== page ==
The Lyng ruling is emblematic of a widespread and ongoing approach to natural resource governance that disconnects indigenous people from their spirituality, cultural traditions, and the environment. Once indigenous peoples’ resource use and management systems are disrupted, how can they revive important cultural practices and restore associated habitats? Hankins, another indigenous scholar from a California Indian tribe, uses ethnographical methods to develop hypotheses about the effects of California Indian tribes’ prescribed burning practices on riparian ecosystems. Similar to Risling Baldy, Hankins’ research is informed by TEK. He empirically demonstrated how traditional burning practices improved the diversity and abundance of plant species and enhanced wood structure of the plants used in traditional crafts. This paper fills a research void about fire effects on riparian vegetation and uniquely bases its research hypotheses on local TEK about indigenous habitat management.
Traditional resource management systems like those explored by Hankins are effective in preserving desirable species. However, once a traditionally harvested species gains significant financial value, there exists the possibility that it will be overharvested, causing a collapse of the traditional system. Mandle et al. describe a study of palm-human interactions in India where changing cultural ways appear to have resulted in palm overharvesting. They demonstrate that as indigenous and other local people became more involved in the regional economy, their traditional interaction with the palm species changed and seemed to result in overharvesting. However, Mandle et al. posit that invasion of habitats by an exotic plant species was responsible for the declining harvests, along with social change in the human communities, rather than overharvesting by people. Once again we see how events not directed at indigenous people, in this case invasion by an exotic species coupled with market integration, can unintentionally impact cultural practices.
Anthropogenic change in the natural environment can also disrupt the utilization of TEK. Hoover’s paper describes the cultural and physical separation of the Akwesasne Mohawk people from fish and freshwater ecosystems after chemical pollutants from industrial factories were dumped into the St. Lawrence River. This dumping of toxic pollutants led to the U.S. government designating the factory sites a Superfund area. To prevent the poisoning of Tribal members, the government researchers recommended that the Akwesasne Mohawk, especially young people and women of childbearing age, not eat fish since these contained high levels of PCBs and other toxic materials. Most Tribal members followed the recommendation, however this rapid change in diet from fish to highly processed foods exacerbated diabetes and other metabolic conditions in the community. Equally impacted was the relationship Mohawks held with the river, as lack of fishing led to a loss of cultural and linguistic tradition that had linked residents with their environment. This is an example of how regulatory policy has favored affordable remediation over community preservation of traditional environmental knowledge. Thus, Hoover’s paper highlights the environmental justice dimensions of environmental disasters when indigenous populations experience disproportionately severe impacts generated by national societies. Policies designed to mitigate environmental disasters can have perverse effects on indigenous peoples when the policies are malformed vis-à-vis culturally specific relationships among Native peoples, land, and biota.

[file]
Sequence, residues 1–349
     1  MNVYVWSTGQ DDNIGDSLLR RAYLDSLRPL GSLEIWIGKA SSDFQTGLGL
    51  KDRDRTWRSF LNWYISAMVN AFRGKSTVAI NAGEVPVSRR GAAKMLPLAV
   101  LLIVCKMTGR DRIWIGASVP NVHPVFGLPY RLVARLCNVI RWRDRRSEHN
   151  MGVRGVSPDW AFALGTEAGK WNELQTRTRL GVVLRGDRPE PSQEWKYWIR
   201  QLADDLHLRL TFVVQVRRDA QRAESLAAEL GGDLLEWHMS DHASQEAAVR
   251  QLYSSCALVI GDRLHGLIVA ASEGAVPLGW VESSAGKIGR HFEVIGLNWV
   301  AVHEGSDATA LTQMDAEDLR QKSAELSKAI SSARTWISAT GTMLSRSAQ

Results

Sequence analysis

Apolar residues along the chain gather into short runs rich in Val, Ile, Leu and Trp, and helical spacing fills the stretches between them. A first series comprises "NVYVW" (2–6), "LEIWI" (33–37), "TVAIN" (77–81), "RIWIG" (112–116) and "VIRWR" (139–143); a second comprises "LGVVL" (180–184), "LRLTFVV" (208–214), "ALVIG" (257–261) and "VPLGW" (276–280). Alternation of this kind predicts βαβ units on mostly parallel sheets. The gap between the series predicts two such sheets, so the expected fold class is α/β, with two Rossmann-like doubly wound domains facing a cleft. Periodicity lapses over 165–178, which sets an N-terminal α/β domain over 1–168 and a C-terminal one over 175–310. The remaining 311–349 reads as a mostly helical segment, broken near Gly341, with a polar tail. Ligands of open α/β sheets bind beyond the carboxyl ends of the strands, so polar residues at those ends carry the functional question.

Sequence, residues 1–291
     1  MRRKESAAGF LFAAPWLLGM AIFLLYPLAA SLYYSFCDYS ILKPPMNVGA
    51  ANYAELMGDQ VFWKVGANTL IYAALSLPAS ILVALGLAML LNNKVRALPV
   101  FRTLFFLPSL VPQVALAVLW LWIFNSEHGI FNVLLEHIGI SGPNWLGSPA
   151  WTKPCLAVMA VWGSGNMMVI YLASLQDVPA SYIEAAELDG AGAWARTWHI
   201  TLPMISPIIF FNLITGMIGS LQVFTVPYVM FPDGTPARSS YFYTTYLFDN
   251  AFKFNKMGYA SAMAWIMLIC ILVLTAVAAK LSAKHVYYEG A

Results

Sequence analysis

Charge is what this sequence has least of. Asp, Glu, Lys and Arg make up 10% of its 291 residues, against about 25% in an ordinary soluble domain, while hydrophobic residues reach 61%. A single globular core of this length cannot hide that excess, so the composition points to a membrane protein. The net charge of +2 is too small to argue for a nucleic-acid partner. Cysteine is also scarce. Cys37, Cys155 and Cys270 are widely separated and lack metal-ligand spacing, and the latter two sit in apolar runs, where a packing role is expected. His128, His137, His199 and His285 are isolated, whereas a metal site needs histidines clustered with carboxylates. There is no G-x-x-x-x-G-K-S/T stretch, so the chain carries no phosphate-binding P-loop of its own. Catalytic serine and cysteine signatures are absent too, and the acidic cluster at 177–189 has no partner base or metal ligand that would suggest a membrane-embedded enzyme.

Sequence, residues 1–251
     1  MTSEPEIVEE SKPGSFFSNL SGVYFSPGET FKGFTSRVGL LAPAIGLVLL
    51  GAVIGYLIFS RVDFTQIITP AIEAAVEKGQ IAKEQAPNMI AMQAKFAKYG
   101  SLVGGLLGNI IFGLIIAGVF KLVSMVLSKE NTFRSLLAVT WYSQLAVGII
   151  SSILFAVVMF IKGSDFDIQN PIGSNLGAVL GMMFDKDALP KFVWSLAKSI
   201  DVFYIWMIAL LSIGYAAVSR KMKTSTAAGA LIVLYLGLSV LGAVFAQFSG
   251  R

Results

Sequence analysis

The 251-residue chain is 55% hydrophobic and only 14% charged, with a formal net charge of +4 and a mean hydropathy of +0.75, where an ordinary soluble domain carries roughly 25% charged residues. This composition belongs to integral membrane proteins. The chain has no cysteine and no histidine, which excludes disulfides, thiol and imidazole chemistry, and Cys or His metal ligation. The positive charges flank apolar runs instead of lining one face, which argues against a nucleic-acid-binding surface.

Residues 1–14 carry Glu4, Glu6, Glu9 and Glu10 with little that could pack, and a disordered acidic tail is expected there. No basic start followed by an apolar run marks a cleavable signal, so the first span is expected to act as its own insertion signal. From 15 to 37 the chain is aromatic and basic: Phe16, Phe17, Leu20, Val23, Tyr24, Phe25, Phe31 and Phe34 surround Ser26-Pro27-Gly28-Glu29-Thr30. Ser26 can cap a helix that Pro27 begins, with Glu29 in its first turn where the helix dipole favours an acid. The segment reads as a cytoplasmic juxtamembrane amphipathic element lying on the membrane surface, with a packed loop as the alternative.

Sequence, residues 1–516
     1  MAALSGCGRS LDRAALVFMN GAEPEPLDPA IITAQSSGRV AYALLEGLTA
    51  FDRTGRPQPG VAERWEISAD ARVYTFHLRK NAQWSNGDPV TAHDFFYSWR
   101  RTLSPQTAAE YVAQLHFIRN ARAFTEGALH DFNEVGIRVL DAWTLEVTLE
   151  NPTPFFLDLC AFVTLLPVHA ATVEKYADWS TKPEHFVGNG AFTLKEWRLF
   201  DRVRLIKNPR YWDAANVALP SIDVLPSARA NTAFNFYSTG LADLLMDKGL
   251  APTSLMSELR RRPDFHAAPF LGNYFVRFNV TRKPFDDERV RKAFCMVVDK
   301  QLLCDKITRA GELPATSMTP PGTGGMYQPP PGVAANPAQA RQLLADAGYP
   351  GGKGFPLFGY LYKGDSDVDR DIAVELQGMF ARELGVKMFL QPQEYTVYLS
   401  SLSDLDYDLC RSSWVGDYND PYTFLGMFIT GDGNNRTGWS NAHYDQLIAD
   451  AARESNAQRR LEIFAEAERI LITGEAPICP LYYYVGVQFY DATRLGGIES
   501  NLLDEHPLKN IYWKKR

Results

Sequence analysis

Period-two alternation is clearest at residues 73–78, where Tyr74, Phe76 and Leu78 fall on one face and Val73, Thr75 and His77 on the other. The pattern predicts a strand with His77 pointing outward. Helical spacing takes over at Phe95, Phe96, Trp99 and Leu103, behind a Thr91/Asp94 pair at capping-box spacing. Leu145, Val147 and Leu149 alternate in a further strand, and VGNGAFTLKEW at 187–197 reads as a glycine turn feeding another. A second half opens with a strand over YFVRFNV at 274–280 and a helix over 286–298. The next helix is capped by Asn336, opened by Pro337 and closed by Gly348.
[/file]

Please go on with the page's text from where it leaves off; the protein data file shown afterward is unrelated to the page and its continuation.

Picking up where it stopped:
Other indigenous communities have worked to adapt TEK to changing environments through hybrid management systems. Lepofsy and Caldwell took on the challenge of understanding indigenous resource management practices over long timescales by conducting an interdisciplinary review of the evidence of ecosystem management by the indigenous peoples of northwestern North America. Through an integrated review of ethnographic and archeological evidence, these authors provide a convincing case that indigenous ethnic groups of the region managed marine and freshwater species and ecosystems for 1,000 years or more before the arrival of Europeans. The physical vestiges left from this management, along with people’s oral histories, provide important insights about ecosystem management by indigenous peoples in North America prior to European settlement. Indigenous cultures and environments change as they adapt to novel conditions. Gomes describes how the Lekwungen people of the Tl'chés islands near Victoria, Canada, embraced change in their environment. In their homeland, ecological restoration for cultural landscapes incorporated exotic plant species and other elements of biotic communities with which they had co-inhabited the islands for many human generations. The Lekwungen value both the historical ecological conditions of the Tl'chés islands and present-day novel or hybrid ecological communities; for example, they appreciate the heritage apple and plum trees, and exotic blackberry bushes planted by ancestors or introduced by others. Thus, the present-day communities on the island embody a hybrid management system (traditional and conventional) created by a long history of Lekwungen interactions with the Tl'chés islands.
As environmental calamities continue hovering on the horizon, scientists now embrace views from people previously ignored. As in almost all the studies presented in this special section, key indigenous thinkers were instrumental in leading the development of the hybrid views of culture and the environment presented here. For Gomes, the Lekwungen elder Joan Morris Sellemah, who was raised by her great-grandparents and grandparents on Tl’chés provided the gateway that lead to a novel understanding of ecosystems and culture. Ancestors and elders help indigenous people worldwide link culture to new ways of thinking and living. Our papers seek to guide environmental reasoning in a similar manner, by blending thought on the environment from different cultures and ethical environmental practices. We hope you enjoy our series of papers.